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Fake Smiles Can Make You Feel Bad

Smiling can actually make you feel worse -- if you don't mean it

As the saying goes, "fake it until you make it." But when it comes to smiling that's not exactly true. A new study from Northwestern University has found that pretending to smile actually makes us feel worse than if we hadn't smiled at all.

For subjects that believed smiling was a way to express a positive emotion or good feelings, smiling actually made them feel better. But for people who felt that smiling was a tool to help them mask negative feelings, smiling actually made them feel worse. This flies directly in the face of previous research that claimed that smiling can make you feel better in and of itself (and show tunes that command that you should "put on a happy face.")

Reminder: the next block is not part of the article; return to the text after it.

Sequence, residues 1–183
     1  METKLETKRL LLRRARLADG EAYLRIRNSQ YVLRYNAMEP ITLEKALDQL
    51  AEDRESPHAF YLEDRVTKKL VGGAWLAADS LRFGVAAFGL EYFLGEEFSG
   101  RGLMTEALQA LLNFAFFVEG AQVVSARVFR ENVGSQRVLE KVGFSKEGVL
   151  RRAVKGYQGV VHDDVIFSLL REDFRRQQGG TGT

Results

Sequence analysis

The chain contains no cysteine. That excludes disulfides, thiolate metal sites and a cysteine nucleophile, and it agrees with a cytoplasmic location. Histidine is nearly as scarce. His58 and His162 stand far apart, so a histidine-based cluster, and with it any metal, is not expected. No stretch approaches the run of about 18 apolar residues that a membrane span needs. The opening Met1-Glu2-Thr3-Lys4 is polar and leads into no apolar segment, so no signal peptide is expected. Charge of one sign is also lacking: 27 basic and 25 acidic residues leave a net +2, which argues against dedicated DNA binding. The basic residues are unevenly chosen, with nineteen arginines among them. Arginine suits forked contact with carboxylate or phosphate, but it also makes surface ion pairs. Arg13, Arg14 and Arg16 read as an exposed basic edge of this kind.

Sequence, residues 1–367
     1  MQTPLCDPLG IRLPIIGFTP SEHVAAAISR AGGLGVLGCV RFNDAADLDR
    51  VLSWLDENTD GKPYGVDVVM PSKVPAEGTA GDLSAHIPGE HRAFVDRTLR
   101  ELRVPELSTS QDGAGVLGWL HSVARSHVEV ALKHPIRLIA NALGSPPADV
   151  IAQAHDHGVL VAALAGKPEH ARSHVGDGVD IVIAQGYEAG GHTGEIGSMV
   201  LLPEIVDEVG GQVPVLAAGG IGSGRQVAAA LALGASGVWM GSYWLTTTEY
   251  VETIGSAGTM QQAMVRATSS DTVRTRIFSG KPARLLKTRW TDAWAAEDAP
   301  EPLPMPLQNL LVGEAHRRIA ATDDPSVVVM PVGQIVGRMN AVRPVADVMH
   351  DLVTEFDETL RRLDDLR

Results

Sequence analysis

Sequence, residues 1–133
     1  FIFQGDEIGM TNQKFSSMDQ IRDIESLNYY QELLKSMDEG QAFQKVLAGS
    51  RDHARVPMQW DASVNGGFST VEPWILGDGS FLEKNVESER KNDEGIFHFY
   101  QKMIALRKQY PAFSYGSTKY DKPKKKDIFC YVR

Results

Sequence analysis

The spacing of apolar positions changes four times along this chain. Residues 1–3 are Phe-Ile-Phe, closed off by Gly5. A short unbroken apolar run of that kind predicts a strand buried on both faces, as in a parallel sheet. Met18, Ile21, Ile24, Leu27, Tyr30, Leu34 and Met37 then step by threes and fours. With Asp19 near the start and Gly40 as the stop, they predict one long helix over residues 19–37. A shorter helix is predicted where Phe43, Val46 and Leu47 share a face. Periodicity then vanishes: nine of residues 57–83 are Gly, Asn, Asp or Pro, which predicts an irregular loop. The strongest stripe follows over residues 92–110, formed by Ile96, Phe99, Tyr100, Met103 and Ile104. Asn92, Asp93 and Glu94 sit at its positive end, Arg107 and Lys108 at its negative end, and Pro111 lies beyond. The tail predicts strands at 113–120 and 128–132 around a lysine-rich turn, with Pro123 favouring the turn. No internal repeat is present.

RELATED: 5 Simple Tips To Help You Stress Less

"Telling people to fake it until they make it, at least as far as their mood is concerned, might be something that actually makes them miserable," says Aparna Labroo, a psychologist at Kellogg School of Management at Northwestern University. "So sometimes it may be better to let them resolve their negative feelings." Solid advice. [FastCo.Design]


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